Updated on September 12, 2023
7 min read

How Can You Recognize & Deal With Muscle Relaxers Addiction?

Muscle relaxers, or muscle relaxants, are central nervous system (CNS) depressants that relieve muscle pain and spasms. These medications can give relief from different forms of muscle pain and discomfort. 

Muscle relaxers create a therapeutic effect by modulating CNS neurotransmission, reducing muscle tone, and inhibiting motor excitability. This leads to a relaxing effect that comes from affecting the brain’s receptors that transmit pain.

The Two Types of Muscle Relaxers

Prescription muscle relaxers are typically divided into two main types, antispasmodic and antispastic drugs.

  1. Antispasmodic drugs (spasmolytics) They relieve, prevent, and decrease muscle spasms affecting smooth muscles. These drugs aid organs in alleviating spasms such as gastrointestinal spasms. Some examples are cyclobenzaprine (Flexeril) and tizanidine (Zanaflex).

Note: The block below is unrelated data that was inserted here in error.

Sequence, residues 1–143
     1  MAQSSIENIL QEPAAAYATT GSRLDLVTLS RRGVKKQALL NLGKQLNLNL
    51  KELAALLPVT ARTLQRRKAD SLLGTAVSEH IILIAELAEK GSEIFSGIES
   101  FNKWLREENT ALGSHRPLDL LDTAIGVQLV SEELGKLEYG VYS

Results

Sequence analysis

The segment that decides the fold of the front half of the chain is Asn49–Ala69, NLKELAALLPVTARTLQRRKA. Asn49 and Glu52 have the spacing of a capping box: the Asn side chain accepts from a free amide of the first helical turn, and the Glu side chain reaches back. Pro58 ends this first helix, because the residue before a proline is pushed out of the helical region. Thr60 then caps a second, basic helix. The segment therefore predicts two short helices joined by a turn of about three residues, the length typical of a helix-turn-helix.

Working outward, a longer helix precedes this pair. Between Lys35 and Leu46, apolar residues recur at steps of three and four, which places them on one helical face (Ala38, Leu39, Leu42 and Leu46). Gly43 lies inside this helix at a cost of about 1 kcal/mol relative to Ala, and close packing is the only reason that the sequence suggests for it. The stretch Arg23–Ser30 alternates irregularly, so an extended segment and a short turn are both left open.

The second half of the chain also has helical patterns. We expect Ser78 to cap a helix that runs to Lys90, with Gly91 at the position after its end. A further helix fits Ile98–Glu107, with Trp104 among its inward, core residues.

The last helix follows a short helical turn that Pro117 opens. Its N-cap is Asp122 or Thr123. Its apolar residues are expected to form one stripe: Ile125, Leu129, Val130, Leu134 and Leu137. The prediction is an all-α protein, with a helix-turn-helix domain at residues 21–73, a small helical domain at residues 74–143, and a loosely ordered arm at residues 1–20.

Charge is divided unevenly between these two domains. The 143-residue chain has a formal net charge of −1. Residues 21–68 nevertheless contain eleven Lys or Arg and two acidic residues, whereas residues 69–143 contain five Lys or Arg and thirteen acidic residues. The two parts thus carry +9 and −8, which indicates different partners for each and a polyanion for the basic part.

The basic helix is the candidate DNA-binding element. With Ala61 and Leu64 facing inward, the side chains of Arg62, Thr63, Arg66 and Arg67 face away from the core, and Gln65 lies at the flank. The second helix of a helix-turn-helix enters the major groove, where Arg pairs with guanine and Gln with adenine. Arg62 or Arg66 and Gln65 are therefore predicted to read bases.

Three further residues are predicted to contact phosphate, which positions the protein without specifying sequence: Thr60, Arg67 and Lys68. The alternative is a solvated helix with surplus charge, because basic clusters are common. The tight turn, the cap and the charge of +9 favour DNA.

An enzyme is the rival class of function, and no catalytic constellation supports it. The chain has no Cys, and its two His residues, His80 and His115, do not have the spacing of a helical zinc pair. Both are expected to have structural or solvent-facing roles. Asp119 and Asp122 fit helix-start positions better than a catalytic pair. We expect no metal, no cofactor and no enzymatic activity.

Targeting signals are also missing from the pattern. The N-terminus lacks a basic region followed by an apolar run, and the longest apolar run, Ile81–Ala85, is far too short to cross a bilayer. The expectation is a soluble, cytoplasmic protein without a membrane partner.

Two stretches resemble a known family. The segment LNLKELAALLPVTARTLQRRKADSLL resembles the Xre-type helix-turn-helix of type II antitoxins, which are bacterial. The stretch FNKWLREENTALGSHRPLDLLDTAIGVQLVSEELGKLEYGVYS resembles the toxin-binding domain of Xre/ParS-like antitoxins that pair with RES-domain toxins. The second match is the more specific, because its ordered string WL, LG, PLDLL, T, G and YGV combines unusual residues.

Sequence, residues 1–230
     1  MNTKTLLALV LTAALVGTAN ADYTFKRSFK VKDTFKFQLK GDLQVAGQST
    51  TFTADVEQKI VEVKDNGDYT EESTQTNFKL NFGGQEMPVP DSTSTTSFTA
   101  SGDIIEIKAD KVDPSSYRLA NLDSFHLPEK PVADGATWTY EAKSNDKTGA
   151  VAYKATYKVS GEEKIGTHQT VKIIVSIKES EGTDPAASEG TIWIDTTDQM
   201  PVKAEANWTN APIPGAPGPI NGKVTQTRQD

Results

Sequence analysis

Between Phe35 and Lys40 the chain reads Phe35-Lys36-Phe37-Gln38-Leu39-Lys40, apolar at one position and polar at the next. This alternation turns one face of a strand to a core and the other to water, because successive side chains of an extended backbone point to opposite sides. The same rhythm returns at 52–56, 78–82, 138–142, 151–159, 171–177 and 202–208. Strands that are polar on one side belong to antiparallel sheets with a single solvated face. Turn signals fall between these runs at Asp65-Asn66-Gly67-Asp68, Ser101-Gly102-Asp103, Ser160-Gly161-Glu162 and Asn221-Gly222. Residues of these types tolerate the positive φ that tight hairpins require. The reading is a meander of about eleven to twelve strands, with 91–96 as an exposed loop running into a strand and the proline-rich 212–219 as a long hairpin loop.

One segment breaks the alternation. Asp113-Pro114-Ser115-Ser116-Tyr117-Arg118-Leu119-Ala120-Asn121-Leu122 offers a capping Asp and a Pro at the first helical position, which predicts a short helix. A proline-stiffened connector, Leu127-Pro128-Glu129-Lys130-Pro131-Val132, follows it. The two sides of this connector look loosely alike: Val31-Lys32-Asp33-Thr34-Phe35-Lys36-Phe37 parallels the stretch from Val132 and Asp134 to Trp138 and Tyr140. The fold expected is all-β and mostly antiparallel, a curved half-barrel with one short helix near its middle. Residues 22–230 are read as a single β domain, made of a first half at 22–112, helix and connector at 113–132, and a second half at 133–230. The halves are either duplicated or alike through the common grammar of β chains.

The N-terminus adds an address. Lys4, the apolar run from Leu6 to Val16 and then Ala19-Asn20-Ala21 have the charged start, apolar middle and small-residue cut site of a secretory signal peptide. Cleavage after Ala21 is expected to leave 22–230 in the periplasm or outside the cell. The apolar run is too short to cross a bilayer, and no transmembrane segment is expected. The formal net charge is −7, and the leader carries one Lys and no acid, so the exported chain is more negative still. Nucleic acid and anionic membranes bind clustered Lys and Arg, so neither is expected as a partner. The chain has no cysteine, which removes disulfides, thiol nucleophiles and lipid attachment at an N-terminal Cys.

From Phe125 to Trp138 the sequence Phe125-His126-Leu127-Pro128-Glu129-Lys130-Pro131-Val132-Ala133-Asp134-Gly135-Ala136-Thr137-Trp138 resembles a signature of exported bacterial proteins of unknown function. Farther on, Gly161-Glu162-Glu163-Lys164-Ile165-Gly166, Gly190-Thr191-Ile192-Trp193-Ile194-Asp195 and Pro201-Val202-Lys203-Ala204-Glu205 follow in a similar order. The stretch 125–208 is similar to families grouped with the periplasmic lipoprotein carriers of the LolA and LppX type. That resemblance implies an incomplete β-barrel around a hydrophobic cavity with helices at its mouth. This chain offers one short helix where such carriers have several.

2. Antispastic drugs  They treat and relieve spasticity in skeletal muscles, especially in conditions such as multiple sclerosis or cerebral palsy. Examples include baclofen (Lioresal) and clonidine (Catapres).

Muscle Relaxer Uses

Your healthcare provider may prescribe muscle relaxers if you have spasms or spastic episodes. Your physician may also prescribe them if you experience muscle pain accompanied by muscle spasms or spasticity.

Listed below are specific ailments a muscle relaxer can help you with.

Muscle Spasms

Muscle spasms are the sudden and involuntary contraction of muscles.  Some episodes of spasms can be short and painful but can last from a few seconds to several minutes. These “muscle cramps” can affect one part, the entire muscle, or a group of muscles due to:

  • Overstretching
  • Staying in the same position for too long
  • Becoming overused or strained

Spinal cord injuries, multiple sclerosis (MS), and other conditions can cause muscle spasms, leading to varying effects.

Muscle Spasticity